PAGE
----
I’m not complaining - I did very well out of this.  But the whole original promise was never fulfilled.  And probably never will be.  Like in the banking system, there were layers (or “side chains”) created that would allow you to do faster transaction validation, with eventual settlement later, but the miners were slow to adopt it because it went against their own self-interest of fees and profits.  Eventually they caved and “Segregated Witness” or SegWit as it became known emerged.  This helped with being able to handle volumes of transactions and reduced down the price, but again - with an asset that is likely to go up, no one is transacting for retail level things, so the timing on this could not be worse.

There were new technologies that allowed for very fast transactional settlement (e.g. The Lightning Network), but even though the technology is amazing, no one wants to hear about it.  It is like finding a better way to transact gold.  The thing is that no one wants to spend their gold, so what is the point?

The entire promise of global transactions was lost in the static of greed.  And that is where we are today with Bitcoin.

Sure there are other forms of benefits to blockchains, etc. but BTC is not really a party to those.  Using Blockchains for smart contracts, etc. is being done predominately on Ethereum, and other alt-coins tried to generate the greed speculation that BTC originally had, but eventually they are branded as “shit coins” and people dump them and run to the hills.  Some make out like bandits, and others are REKT.

A Ponzi scheme?

Recently I saw an interview with Dr. Craig Wright.  He is a fellow Australian, who recently claimed to be behind the handle “Satoshi Nakimoto”, the inventor of Bitcoin.  I’m not sure what I believe on that, and I really don’t care.  Many think he might be and many think he’s just starved of attention and wants his 15 minutes of fame on this.

But he’s an old school BTC guy.  In the interview he brought back many memories of what BTC was like almost 10 years ago.  The promise to change the world of banking, to empower those who were “unbanked” with the ability to trade peer to peer.  Villages in Africa could sell their goods directly to art collectors in London, coffee growers in Mexico could sell directly to buyers in the USA, etc.  The money could get to the people without it being eroded by the very distribution system that is supposed to allow it to flow quickly and cheaply.  

I remember back in about 2014, I went to search for a Bitcoin ATM in Phoenix.  A few had popped up, and I found the address of one and went to seek it out.  It was in one of those check cashing places - the places where those of lower economic means would go to get cash for their pay checks every 2 weeks.  

When I arrived a large number of immigrant workers were there.   They were waiting for their pay master to come and give them money.  Then they would go into the check cashing place (which also happened to be a Western Union & Moneygram place), to send a large portion of the pay home to Mexico or where their families were.

As I waited in line to talk to the lady at the counter about where the BTC machine was, I saw it in the corner of the store.  I wanted to tell everyone in line to stop making the bankers rich by giving them one quarter of their earnings, and use BTC.  If they could set their families up with a wallet to receive it, and they could just cash out in their home country, surely this would be a far more effective and cheaper answer.  But they wouldn’t listen to me.  They didn’t trust me and this was way too complex.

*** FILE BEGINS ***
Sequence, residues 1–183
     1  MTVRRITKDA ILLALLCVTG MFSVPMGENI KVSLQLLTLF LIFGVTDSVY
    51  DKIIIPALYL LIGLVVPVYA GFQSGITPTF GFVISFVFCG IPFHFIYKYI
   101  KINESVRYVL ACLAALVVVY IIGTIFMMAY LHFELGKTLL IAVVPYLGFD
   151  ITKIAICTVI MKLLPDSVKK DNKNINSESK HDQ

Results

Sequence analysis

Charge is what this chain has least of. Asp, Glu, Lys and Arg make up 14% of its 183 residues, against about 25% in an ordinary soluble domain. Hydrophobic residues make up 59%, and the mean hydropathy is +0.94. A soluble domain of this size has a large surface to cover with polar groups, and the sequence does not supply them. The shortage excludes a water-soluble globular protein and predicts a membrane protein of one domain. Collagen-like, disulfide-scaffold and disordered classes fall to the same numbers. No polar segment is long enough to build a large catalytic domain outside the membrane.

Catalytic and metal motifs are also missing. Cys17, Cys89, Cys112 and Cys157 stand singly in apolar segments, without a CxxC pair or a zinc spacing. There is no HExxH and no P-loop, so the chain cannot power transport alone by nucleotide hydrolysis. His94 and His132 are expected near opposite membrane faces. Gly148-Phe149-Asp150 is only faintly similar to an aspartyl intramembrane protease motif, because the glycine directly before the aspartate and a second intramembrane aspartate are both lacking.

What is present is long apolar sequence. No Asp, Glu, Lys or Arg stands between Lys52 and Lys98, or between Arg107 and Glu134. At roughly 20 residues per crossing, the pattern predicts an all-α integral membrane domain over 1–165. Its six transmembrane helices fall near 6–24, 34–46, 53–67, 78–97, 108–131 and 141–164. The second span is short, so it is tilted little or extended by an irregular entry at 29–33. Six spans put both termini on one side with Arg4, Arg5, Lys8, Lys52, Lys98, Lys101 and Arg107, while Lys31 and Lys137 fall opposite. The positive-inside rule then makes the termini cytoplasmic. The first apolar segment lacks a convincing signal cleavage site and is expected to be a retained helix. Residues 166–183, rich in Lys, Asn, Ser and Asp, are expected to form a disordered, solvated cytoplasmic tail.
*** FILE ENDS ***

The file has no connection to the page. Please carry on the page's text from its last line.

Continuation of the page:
That’s the world we live in.  People have to get over their trust & fears with newer technologies to use it, and if there is any potential to see the price rise, they won’t spend it.  That goes against the fundamental design of a currency.  It is supposed to be used - not HODL’d.

So when I look at BTC today, I still have the urge to want to get back in.  But I have to look at this like any other investment.  Here’s how I look at things like this:

  • What does it do?
  • Is this viable in comparison to competition?
  • Is the price likely to be stable?
  • Do people want it?
  • What are the risks of the investment?

I don’t think I can answer anything positive in regards to BTC right now.  Sure, I see it as a free market, libertarian thing where peer to peer transactions can be done without a counter party.  But that’s not true because you need exchanges and miners - both of which have proven to be no different to bankers in the past.  Greed, it would seem, sees no one that it cannot corrupt.

If you buy Gold as a safe-haven, which I do, I see some value here because of history.  It is a safe-haven that is well accepted for that world wide.   Entire countries buy gold as a reserve to protect their wealth, and although it has some value in terms of industrial use, it really is mined just to provide a stable backing to the ups and downs of currencies.

Is that now the role of Bitcoin?  If so, then it would remove the issues of vaults, security, etc.  If that is a disclosed purpose, then I can understand the attractiveness and I would buy it just like I would buy gold.  The problem, however, is that the BTC price is still relatively volatile.  In order for volatility to stabilize we need regular usage of the currency, but that isn’t happening.  It could be that banks and industrial purchases are coming in to acquire it, but I don’t see that happening at a meaningful level just yet.  It is still a speculation.